The Innovation Paradox: The Success of Failure, the Failure of Success (Free Press, $11) is the paperback edition of last year’s more boldly titled hardback, Whoever Makes the Most Mistakes Wins: The Paradox of Innovation. The new title seems to reflect a slight retrenchment on the main theme, since it downplays the need to make …
Whoever Makes the Most Mistakes Wins by Richard Farson and Ralph Keyes is unique. It is a business book that makes its case with charm. Marilyn’s “Must” Reads (Machlowitz Consultants, Inc.)
This book relates business innovation to paradox. It explores the fallacy of labeling events as success or failure. Sample practical suggestion: Retain unorthodox, difficult, imaginative employees because innovation depends on their creativity.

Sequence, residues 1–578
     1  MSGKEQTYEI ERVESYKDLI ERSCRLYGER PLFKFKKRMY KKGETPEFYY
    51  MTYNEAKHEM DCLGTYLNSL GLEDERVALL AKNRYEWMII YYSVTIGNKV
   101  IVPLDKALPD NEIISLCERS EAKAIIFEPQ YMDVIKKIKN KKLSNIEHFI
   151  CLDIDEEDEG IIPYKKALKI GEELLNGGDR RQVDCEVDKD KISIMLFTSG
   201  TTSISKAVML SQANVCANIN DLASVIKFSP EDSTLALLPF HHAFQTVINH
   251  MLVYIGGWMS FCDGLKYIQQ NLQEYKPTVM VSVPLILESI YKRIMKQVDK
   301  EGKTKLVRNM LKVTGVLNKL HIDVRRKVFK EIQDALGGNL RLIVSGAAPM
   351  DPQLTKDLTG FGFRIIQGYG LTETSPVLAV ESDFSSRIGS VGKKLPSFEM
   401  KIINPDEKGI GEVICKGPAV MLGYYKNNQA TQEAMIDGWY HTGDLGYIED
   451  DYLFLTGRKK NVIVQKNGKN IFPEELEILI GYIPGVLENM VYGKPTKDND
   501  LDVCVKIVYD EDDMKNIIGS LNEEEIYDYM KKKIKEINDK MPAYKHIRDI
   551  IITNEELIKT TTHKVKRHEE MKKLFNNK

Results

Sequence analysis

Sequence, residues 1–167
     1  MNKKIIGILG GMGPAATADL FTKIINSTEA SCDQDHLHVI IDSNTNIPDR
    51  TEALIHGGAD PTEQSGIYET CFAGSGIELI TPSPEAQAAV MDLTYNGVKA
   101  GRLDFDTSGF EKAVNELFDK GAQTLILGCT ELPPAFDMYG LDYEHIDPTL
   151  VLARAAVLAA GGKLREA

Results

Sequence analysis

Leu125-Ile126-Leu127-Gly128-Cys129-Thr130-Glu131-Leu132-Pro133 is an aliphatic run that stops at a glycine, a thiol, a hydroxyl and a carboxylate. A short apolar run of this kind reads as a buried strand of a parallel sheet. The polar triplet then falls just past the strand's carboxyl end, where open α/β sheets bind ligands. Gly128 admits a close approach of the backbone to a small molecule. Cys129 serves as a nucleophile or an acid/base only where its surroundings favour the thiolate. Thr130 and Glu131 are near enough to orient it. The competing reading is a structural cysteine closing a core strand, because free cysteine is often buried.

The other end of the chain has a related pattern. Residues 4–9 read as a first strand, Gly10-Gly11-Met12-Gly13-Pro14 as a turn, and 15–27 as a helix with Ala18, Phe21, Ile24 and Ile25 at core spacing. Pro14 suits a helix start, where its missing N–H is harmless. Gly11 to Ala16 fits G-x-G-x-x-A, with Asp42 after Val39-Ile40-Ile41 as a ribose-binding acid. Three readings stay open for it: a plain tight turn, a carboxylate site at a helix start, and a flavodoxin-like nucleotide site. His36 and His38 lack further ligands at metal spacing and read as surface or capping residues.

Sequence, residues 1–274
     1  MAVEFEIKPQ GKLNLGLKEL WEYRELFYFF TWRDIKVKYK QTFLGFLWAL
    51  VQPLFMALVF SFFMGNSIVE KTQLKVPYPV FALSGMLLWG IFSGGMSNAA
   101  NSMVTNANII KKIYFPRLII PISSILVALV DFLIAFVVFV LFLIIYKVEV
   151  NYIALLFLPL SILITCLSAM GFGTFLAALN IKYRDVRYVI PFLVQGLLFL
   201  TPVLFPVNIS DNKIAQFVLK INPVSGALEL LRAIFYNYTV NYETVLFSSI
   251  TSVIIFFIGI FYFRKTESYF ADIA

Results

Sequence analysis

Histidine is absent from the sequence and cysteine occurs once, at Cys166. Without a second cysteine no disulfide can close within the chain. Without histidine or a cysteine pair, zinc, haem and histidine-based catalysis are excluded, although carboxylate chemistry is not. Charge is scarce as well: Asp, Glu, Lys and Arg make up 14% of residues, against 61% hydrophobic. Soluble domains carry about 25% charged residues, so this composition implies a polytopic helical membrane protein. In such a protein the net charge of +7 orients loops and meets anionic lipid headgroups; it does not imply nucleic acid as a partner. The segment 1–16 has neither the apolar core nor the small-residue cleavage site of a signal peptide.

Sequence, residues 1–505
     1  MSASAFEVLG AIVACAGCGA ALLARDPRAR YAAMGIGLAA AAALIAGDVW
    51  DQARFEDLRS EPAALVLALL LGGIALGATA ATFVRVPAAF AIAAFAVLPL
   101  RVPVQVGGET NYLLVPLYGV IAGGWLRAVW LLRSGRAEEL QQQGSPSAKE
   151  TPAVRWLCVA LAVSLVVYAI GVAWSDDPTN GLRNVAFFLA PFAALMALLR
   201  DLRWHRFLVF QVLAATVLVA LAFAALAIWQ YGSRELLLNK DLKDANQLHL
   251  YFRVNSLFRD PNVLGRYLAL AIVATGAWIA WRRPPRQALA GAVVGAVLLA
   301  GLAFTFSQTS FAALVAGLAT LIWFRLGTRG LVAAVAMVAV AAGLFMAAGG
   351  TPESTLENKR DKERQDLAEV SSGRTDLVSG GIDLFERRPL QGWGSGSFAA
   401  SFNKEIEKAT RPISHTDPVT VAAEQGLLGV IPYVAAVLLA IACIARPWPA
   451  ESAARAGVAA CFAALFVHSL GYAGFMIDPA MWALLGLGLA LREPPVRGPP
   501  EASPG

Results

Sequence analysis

The theme of this short and interesting book is that the less we scurry after success and run from failure, the more likely we are to succeed. For success, failures must be tolerated. In short chapters and sections, the authors drive their lessons home, using stories and well-written text. The book gives some good insights …
While slim, their book … make[s] a compelling case for “managing in the postfailure era” by supporting the type of traditionally discouraged behavior that resulted in breakthrough creativity Contrarian food for thought.
How can you make companies, and the people who work inside them, more adventurous? The authors offer an intriguing and paradoxical solution: In order to stop demonizing failure, we need to stop deifying success. “Stressing winning inhibits daring. Those who take genuine risks know that failure is the norm, success the exception,” they write.